‘He looks swiftly both ways then ducks his head as he quickly runs the last few steps across the road towards the cab, the word ‘Blackfriars’ already on his lips. The rain is dripping slowly down the gap between his collar and his shirt. He will be completely soaked by the time he reaches the office, even walking this short distance. He may have to send his secretary out for another shirt.’
Wasn’t the first version much more streamlined and lively? Notice how I’ve replaced some of the verbs with weaker ones (glances to looks swiftly, seeping to dripping slowly). In this version the adverbs are arguably needed to portray the same meaning, where they weren’t before, because in the first version the stronger verbs did the work all by themselves. I’ve also added in a couple of unnecessary adverbs just for the heck of it (runs quickly, completely soaked).
My version may only be four words longer than the first, but over the course of a whole novel, that could easily add up to several thousand unnecessary words. If you’re prone to overwriting, scouring your novel for -ly words might be a good place to start.
Be intentional with your adverbs
By now, you might have the impression that I’m against all adverb usage, but that is certainly not the case. As I mentioned earlier, careful use of adverbs can work well to enrich dialogue, show mood and intention. Take the following examples:
“Who lives there?” he asks.
“No one really knows. It’s one of the great mysteries of Boston.”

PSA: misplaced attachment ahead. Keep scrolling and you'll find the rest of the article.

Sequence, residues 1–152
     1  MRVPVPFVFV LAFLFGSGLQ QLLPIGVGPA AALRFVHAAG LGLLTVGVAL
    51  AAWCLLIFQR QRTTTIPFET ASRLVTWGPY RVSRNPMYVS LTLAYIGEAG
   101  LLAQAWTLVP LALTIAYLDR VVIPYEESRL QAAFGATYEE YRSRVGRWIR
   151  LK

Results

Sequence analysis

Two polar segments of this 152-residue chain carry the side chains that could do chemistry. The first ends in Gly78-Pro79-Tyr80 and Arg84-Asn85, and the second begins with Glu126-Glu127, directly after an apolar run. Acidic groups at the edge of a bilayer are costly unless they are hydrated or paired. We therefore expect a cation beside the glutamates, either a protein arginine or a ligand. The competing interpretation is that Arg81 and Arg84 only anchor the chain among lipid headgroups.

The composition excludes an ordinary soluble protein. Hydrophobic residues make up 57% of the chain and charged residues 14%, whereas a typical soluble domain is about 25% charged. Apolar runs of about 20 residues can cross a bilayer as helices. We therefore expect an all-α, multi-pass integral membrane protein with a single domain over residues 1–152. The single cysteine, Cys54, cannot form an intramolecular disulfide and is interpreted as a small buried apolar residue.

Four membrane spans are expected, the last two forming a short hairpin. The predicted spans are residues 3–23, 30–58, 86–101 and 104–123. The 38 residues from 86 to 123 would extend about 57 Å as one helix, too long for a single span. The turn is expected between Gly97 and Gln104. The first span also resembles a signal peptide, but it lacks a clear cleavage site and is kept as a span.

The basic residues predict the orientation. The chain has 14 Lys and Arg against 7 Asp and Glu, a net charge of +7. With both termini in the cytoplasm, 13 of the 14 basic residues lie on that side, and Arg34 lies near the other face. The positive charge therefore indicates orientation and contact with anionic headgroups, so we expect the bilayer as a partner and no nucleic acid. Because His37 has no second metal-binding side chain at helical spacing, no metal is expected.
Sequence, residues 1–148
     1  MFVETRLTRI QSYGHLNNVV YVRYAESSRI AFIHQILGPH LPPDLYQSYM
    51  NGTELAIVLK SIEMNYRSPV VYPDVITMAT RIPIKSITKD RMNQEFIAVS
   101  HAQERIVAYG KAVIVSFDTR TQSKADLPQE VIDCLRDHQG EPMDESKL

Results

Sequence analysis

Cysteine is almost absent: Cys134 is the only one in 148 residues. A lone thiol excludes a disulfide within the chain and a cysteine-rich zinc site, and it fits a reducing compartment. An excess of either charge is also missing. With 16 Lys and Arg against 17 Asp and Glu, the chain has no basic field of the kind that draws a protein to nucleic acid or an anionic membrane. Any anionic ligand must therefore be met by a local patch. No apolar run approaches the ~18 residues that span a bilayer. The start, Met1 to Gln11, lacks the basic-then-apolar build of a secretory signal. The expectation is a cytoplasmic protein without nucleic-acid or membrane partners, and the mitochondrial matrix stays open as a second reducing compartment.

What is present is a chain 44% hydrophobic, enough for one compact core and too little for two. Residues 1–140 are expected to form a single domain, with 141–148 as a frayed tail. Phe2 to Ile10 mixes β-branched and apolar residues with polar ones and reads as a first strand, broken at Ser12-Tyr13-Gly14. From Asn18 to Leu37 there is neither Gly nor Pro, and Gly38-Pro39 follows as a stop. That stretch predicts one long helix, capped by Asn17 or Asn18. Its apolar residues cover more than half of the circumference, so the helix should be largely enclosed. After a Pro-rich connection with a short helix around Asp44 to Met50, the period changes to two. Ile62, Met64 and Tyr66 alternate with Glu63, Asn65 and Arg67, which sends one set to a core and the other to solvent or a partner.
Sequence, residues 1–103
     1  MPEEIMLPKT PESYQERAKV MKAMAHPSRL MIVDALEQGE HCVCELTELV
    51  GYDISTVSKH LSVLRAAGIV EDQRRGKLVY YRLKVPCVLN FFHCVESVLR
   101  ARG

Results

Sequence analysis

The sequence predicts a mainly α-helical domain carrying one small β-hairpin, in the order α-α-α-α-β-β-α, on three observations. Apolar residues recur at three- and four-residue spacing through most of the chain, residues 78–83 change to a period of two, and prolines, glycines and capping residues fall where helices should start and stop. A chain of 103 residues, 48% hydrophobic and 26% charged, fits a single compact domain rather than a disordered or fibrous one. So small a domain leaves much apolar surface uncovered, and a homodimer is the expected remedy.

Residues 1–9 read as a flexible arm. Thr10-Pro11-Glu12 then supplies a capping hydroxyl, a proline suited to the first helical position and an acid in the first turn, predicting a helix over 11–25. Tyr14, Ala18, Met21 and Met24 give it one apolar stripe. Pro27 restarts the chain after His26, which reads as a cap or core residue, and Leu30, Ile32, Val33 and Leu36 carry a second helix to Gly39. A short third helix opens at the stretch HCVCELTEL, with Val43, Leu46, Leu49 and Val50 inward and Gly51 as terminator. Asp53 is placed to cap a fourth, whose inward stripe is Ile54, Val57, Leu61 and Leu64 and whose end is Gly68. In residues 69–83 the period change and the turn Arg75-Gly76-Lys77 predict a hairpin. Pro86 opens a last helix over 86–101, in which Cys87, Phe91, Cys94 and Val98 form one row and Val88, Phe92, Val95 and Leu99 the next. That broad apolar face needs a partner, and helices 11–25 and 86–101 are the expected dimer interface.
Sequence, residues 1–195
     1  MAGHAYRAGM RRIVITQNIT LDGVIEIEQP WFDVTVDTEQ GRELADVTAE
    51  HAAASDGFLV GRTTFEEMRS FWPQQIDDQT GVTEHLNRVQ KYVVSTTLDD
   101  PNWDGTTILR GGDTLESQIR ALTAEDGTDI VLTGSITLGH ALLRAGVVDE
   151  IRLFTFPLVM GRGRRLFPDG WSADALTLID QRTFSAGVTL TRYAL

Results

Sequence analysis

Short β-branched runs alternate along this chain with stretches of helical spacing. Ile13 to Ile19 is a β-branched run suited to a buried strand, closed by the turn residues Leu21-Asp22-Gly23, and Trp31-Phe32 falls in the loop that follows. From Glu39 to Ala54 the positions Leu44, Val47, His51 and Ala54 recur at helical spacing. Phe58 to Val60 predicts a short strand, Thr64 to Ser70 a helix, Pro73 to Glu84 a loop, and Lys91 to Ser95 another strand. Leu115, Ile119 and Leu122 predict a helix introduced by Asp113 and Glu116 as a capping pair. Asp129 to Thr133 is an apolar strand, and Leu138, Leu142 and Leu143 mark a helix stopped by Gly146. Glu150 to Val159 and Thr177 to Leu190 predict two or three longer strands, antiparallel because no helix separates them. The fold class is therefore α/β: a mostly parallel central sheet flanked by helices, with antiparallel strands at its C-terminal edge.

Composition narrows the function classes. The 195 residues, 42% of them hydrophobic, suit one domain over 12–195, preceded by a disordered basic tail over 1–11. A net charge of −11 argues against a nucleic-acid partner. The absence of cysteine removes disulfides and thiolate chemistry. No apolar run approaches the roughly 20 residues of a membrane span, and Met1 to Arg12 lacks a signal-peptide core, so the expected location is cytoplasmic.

He laughs and then looks at me inquisitively. “What’s another great mystery of Boston?”
It Ends With Us by Colleen Hoover
Including the adverb inquisitively primes us to hear the dialogue straight after it in the flirtatious tone it’s intended to be heard in. We might not have picked up on the tone without it.
Because Juliet Kerthen may be old and fragile, but she is also daunting. The suitably blue-eyed, properly cheekboned daughter of Lord Carlyon.
The Fire Child by S.K. Tremayne
The adverbs add to the sense of intimidation that the main character – Rachel – feels when meeting her new mother-in-law. There’s also a touch of snark and humour that point to Rachel’s defensiveness.
And then it happens: he blinks three times, each close of his eyes punctuated by an absurdly long pause, like a mechanical batting of lashes.
Vox by Christina Dalcher
By telling us the pause was absurdly long rather than just long, we know there is something important about this seemingly insignificant act.
Summing Up …
Watch out for double-telling! Don’t fall into the trap of using adverbs to tell us what we already know.
Can you substitute verb-adverb combinations with a stronger verb?
Use adverbs when they tell the reader something they would have no way of knowing otherwise.
If you suspect an adverb is just clutter, read the sentence aloud with and without it. If there is no difference in meaning, get rid of it!
Melanie Kirk is a line editor, copyeditor and proofreader and an Intermediate Member of the Chartered Institute of Editing and Proofreading (CIEP). If you are interested in her editing services, you can get in touch with her at www.melaniekirkeditor.com or connect with her on Twitter @MelanieJEditor